The owner of Z Pizza says she’s being forced to close her doors, because she can’t afford the higher labor costs.
Devin Jeran was happy to get a raise, when Seattle’s minimum wage went up to $11 an hour at the beginning of the month. …
Unfortunately, he’ll only enjoy that bigger paycheck for a few more months. In August, his boss is shutting down Z Pizza and putting him and his 11 co-workers out of work.
“Fortunately she keeps us in the loop, she didn’t just tell us last minute.”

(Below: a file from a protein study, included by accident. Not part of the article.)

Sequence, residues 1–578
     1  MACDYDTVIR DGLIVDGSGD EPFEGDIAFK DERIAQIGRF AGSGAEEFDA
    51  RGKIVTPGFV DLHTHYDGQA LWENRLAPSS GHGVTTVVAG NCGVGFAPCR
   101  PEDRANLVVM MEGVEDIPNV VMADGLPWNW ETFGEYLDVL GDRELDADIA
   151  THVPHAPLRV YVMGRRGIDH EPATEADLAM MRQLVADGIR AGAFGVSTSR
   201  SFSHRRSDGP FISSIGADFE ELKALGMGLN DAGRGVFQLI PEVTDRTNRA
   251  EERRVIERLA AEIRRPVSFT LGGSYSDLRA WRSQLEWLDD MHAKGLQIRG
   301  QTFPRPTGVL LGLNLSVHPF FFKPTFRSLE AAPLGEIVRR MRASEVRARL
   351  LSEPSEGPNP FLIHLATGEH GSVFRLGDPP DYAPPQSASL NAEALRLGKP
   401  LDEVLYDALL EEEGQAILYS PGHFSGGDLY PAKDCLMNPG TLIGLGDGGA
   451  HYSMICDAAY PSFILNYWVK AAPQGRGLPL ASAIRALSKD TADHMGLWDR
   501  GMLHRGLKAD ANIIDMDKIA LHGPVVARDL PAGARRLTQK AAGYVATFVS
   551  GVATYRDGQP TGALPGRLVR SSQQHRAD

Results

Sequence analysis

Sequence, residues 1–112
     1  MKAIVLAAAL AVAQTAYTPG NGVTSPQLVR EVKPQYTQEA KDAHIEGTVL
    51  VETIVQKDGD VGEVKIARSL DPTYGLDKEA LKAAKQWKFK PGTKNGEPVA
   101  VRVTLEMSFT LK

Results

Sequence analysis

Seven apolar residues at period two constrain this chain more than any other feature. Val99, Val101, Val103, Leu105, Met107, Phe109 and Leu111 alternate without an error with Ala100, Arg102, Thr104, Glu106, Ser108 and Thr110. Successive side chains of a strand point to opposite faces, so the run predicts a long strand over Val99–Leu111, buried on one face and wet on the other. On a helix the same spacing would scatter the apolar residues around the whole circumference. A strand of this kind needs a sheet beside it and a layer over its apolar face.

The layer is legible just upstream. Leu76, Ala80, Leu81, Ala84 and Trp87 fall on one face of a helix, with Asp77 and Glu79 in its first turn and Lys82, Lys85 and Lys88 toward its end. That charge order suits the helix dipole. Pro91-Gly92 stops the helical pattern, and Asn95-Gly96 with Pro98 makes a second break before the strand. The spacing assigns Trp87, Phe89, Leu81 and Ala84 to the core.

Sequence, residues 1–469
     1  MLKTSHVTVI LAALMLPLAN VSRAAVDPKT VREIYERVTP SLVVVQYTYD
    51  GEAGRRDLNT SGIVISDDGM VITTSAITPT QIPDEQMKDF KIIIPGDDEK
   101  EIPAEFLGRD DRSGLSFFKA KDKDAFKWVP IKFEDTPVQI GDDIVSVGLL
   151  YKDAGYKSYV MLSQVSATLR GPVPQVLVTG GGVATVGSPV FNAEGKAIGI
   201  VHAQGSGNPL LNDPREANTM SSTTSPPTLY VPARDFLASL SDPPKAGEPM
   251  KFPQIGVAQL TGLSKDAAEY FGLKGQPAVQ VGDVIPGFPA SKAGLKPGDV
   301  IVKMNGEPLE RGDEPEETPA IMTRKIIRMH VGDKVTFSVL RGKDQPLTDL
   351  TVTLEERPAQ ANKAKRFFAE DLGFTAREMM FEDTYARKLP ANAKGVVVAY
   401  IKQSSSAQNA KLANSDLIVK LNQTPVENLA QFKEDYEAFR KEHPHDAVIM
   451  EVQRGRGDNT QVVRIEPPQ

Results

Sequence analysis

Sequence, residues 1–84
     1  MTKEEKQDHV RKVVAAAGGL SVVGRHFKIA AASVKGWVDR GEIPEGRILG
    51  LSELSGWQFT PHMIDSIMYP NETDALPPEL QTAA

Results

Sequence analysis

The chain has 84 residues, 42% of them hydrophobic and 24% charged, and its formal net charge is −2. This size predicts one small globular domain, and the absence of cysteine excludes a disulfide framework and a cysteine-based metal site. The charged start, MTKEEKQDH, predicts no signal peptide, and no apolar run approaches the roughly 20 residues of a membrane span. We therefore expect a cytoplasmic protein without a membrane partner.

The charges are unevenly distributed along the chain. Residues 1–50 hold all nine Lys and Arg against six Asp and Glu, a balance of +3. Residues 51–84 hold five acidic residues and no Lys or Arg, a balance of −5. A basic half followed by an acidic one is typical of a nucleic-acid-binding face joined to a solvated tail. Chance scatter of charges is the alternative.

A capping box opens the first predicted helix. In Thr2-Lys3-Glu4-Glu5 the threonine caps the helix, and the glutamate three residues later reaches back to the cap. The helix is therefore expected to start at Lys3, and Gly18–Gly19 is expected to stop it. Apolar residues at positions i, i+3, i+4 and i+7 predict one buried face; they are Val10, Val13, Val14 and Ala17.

Ritu Shah Burnham doesn’t want to go out of business, but says she can’t afford the city’s mandated wage hikes.
“I’ve let one person go since April 1, I’ve cut hours since April 1, I’ve taken them myself because I don’t pay myself,” she says. “I’ve also raised my prices a little bit, there’s no other way to do it.”
Small businesses in the city have up to six more years to phase in the new $15 an hour minimum wage. But Shah Burnham says even though she only has one store with 12 employees, she’s considered part of the Z Pizza franchise — a large business. So she has to give raises within the next two years.